The Average Credit Score in America

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Your credit score largely dictates your borrowing and purchasing power in the United States.

That’s why money expert Clark Howard wants you to take steps to increase your credit score if at all possible — but there is no need to obsess over perfection.

Experian’s Consumer Credit Review shows that credit scores on average are improving.

What Is the Average Credit Score Right Now?

The average credit score is 715, according to Experian. The figure represents a one-point improvement over the past year.

But there may be some potential trouble for your wallet on the horizon. Experian’s report lists several factors that paint a mixed bag for consumer finances. Here’s the good and the bad:

  • Good: Although credit card balances jumped 10% on average, the economy avoided a recession while tamping down inflation.
  • Bad: Consumers and lenders alike slowed their activities as borrowing became more expensive and higher prices stymied the purchase of new cars and other big-ticket items.
  • Not so bad: Despite rising prices, consumers showed that they are willing to manage higher interest rates, although not as much when it comes to auto loans and mortgages.

    What Are the Average Credit Scores by Generation?

    Now let’s take a look at the average credit scores by generation, according to Experian.

    Generation Z (18-26)679680
    Millennials (27-42)687690
    Generation X (43-58)707709
    Baby Boomers (59-77) 742745
    Silent Generation (78+)760760

    How High Do Credit Scores Go Up?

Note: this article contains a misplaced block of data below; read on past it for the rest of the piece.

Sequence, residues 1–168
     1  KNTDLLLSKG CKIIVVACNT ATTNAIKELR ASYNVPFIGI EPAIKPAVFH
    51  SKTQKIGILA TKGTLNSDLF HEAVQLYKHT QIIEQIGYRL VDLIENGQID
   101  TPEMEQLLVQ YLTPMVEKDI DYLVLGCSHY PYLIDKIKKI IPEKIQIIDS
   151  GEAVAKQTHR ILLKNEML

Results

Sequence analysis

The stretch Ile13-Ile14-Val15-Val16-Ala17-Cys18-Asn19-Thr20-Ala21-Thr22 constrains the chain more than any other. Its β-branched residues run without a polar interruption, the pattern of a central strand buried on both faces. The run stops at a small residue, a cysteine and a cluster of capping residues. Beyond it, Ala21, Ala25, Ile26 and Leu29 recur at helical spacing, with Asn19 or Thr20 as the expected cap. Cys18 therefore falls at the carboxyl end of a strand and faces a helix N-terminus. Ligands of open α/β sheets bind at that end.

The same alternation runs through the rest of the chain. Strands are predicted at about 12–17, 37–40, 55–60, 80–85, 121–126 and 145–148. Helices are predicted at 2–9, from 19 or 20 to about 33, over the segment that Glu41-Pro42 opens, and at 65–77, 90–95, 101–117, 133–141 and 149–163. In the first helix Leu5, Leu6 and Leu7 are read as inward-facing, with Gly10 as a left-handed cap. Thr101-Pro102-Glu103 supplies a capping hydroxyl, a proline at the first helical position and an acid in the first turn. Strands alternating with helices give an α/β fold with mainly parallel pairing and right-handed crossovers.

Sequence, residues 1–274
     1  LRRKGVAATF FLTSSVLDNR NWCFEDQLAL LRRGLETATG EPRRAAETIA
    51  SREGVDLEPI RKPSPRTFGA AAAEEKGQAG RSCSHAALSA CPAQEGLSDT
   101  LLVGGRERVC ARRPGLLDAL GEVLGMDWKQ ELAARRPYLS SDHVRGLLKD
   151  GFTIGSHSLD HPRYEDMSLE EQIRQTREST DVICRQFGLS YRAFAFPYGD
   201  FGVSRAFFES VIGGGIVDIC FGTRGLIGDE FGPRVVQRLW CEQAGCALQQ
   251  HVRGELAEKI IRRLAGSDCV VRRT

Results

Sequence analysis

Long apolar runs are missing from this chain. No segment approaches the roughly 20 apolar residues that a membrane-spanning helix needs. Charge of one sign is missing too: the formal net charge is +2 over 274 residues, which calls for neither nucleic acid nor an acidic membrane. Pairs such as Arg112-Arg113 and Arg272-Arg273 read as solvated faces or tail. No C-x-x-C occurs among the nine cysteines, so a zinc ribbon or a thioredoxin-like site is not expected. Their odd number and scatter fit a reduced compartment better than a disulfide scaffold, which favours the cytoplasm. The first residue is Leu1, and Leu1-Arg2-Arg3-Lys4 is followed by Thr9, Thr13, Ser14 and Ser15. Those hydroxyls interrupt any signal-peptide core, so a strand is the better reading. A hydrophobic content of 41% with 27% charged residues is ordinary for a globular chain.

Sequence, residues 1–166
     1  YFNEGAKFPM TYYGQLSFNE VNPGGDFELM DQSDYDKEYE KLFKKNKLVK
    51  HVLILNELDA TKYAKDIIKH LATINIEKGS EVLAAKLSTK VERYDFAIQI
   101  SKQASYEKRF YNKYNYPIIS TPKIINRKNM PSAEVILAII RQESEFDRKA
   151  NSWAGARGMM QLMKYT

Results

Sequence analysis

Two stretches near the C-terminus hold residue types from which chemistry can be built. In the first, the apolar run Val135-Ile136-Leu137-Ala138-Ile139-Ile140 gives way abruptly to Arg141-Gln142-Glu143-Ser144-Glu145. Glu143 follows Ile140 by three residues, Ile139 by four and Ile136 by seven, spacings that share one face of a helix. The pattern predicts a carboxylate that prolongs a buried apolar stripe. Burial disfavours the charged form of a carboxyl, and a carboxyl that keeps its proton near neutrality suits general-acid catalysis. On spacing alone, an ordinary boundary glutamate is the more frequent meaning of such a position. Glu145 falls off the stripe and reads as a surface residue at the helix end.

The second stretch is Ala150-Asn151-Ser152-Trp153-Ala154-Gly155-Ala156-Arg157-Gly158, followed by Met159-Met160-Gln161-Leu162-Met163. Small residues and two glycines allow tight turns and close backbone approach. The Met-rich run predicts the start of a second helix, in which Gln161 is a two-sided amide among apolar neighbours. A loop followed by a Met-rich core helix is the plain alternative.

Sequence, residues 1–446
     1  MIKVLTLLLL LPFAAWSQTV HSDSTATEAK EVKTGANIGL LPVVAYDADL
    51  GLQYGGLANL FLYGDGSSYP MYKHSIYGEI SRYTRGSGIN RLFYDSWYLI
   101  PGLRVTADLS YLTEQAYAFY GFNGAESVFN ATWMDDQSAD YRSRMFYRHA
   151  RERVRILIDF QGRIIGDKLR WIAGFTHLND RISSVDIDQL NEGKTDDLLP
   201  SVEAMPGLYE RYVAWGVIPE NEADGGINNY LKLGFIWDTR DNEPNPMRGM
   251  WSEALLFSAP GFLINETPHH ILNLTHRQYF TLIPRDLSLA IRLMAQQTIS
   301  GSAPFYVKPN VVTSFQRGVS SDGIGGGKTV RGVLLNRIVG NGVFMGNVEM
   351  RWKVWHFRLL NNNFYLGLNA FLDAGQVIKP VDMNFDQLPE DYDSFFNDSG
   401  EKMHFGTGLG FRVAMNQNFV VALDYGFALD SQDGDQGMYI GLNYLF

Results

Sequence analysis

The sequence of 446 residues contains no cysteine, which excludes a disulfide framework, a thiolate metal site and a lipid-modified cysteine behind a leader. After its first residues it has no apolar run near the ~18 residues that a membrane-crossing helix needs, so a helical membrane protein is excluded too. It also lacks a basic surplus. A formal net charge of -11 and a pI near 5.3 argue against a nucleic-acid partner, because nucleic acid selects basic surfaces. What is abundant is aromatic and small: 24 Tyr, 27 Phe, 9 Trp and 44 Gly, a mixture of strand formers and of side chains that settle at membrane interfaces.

Credit scores can range from 300 to 850. So what exactly is a “good” credit score? Clark has an answer:

    “There are certain breakpoints where things get easier for you,” Clark says. “One that’s really important is being around a 680. That’s a point at which people look at you differently than when you’re below that.”

    Beverly Harzog, a credit card expert for U.S. News & World Report says an even higher credit score will yield even more results.

    “If you can get up to around a 760, you’re going to get the same benefits, the same offers, that someone who has an 840 score is going to get,” she adds.

    Tip: Don’t obsess over achieving an 800 credit score and certainly not a perfect 850. Clark says, “Your goal is from wherever you are right now, to try to move that number up. But once you get to 760, just give it a rest. My credit score is somewhere around an 818. That’s higher than I need.”


    How To Increase Your Credit Score

    If your credit score is nowhere near those cited above, don’t worry. There are several ways to raise it.

    Clark says the two biggest ways to increase your credit score are to:

    • Make all of your payments on time.
    • Keep your credit utilization rate low. (That’s the percentage of how much of your available credit you’re using.)

    “Thirty percent of your available credit is where you want to be,” Clark says. “So, in the example of $10,000 in credit, [you want to have] no more than $3,000 in use. If you go above 50%, your credit goes diving off a cliff.”